In fact, there is a growing movement against male circumcision which activists (who like to use the term “intactivists”) call “male genital mutilation.” Activists in California collected over 7,100 signatures in order to get a new initiative on the November ballot in San Francisco that would ban the practice of male circumcision within the city limits.  They argue that the procedure is medically unnecessary and say that they hope this initiative is the start of a wave of laws on this issue.  Matthew Hess, the author of the San Francisco measure and a similar measure slated for Santa Monica’s November 2012 ballot, explained: “The end goal for us is making cutting boys’ foreskin a federal crime.”

Jena Troutman is also advocating for the ballot initiative. Ms. Troutman, who is the mother of two boys, runs a website called wholebabyrevolution.com. She explains that through her activism she is just trying to “save little babies” from a procedure that “can do serious damage.”  Ms. Troutman apparently approaches pregnant women on the beach to warn them of the dangers of circumcision. 

Like This Story?

Your $10 tax-deductible contribution helps support our research, reporting, and analysis.

Donate Now

In truth, there are few dangers in circumcision. A study conducted by SDI Health for the Centers for Disease Control and Prevention (CDC) in 2010 found that there was very low rate of complications associated with newborn circumcisions, that most complications were considered mild, and that no babies died. The claims that male circumcision is akin to female genital mutilation are also refuted by many.  Dr. David Baron, a family physician, certified mohel (someone who performs Jewish ritual circumcision), and former chief of staff at Santa Monica-U.C.L.A., told the New York Times that that he viewed the effort to ban the procedure as “ridiculous and dishonest.” He added: “to say it is mutilation is wrong from the get-go.”

There is also new research that suggests my great-grandfather may not have been all that far off when he said that circumcision could prevent V.D. and cancer. Based on scientific evidence, male circumcision is now being promoted in Africa as one of the most important ways to prevent HIV. And, a couple of weeks ago, I wrote an article on a new research study that suggested the male foreskin could be a reservoir for HPV, the virus that causes genital warts and is responsible for most cases of cervical cancer.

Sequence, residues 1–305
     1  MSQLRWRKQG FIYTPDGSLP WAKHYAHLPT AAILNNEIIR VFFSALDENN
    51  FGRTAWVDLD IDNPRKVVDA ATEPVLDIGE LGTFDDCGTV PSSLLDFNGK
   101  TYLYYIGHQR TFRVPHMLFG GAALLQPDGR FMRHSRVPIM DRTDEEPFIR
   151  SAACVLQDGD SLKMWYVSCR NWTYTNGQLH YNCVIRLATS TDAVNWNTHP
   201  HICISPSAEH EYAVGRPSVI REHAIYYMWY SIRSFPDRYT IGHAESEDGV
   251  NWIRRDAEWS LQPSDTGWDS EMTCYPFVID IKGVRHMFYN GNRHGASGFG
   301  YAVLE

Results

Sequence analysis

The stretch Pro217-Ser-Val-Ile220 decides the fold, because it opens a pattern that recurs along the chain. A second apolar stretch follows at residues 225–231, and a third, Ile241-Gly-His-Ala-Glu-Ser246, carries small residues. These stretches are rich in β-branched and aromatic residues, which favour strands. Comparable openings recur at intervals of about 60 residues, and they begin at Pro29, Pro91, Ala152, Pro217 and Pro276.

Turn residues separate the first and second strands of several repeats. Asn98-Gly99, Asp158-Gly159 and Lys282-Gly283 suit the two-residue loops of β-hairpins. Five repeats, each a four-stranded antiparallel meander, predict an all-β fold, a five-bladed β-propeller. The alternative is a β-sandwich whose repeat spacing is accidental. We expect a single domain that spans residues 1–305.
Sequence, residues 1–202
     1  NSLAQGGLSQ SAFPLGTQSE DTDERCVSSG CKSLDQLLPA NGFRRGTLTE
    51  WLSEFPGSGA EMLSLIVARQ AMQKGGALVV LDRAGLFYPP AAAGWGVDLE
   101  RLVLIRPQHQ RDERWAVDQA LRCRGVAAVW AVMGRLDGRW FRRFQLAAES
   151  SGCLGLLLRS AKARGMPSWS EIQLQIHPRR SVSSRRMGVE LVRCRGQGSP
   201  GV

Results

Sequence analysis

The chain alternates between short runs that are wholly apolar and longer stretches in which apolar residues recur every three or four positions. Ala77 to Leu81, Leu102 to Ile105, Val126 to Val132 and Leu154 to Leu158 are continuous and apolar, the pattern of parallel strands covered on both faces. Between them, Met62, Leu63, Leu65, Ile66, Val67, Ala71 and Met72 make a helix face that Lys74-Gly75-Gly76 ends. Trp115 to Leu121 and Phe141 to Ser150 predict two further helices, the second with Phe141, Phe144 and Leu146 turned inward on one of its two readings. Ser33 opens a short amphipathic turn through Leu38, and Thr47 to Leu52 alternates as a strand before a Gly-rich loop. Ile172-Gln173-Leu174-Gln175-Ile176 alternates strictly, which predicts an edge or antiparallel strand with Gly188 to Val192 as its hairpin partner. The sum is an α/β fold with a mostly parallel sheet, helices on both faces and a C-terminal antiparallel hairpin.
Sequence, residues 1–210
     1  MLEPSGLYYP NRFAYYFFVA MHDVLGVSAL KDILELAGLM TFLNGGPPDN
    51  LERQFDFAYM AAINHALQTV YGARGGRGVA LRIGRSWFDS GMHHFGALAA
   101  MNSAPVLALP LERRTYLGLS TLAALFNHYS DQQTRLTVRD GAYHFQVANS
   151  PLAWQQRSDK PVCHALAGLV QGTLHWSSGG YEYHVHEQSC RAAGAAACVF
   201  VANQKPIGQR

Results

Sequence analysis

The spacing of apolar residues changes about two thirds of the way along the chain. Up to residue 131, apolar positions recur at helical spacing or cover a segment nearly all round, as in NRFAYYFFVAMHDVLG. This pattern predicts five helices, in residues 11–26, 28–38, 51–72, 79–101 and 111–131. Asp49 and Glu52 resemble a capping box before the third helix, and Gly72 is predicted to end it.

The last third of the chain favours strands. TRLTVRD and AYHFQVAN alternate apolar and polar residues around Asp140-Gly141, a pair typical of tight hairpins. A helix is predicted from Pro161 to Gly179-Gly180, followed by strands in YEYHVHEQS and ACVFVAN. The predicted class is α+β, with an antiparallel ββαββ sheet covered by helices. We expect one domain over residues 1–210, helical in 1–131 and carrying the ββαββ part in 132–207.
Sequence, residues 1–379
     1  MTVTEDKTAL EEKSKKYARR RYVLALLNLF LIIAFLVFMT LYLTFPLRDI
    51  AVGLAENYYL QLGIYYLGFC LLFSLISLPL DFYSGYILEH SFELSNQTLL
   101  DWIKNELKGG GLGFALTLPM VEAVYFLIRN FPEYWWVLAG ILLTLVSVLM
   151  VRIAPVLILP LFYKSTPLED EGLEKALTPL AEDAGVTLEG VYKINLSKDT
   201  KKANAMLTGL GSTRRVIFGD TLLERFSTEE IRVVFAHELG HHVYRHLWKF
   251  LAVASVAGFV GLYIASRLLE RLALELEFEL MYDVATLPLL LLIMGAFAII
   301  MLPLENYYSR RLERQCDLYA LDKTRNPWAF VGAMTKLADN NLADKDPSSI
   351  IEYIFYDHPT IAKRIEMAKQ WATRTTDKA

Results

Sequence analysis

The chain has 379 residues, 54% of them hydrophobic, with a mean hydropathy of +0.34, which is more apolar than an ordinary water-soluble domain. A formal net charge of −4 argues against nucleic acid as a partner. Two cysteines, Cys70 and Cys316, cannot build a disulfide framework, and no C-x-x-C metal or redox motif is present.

That said, there is not enough evidence for medical experts to suggest routine circumcisions of male infants in this country. As the American Pediatric Association explains:

“Existing scientific evidence demonstrates potential medical benefits of newborn male circumcision; however, these data are not sufficient to recommend routine neonatal circumcision. In circumstances in which there are potential benefits and risks, yet the procedure is not essential to the child’s current well-being, parents should determine what is in the best interest of the child.”  

If voters in San Francisco and elsewhere pass measures like this, however, parents will not have a choice. Moreover, these measures do not contain any religious exemptions despite the fact that to many—Jews and Muslims in particular—circumcision is a religious ritual of the utmost importance.  As Brad Greenberg of the godblog.org explains 

“This custom is as old as Judaism itself. Commanded by God to a 99-year-old Abraham, circumcision was to signify fidelity to the Lord. It has been a central part of Jewish tradition ever since, so much so that even Yom Kippur—the holiest of holidays—doesn’t delay the circumcision of an infant.” 

In fact, some have gone as far as to call the ballot measures themselves anti-Semitic and likened them to bans on circumcision that existed in Soviet-era Russia and Eastern Europe and in ancient Roman and Greek times.

Even without such bans, however, the “intactivists,” may be making more progress than we realize as rates of circumcision are dropping all over the United States.  While over 90 percent of infant males in the United States were circumcised in the 1970s this was down to 64 percent in 1995 and just 33 percent in 2009. 

I wonder what Poppy Abe would think?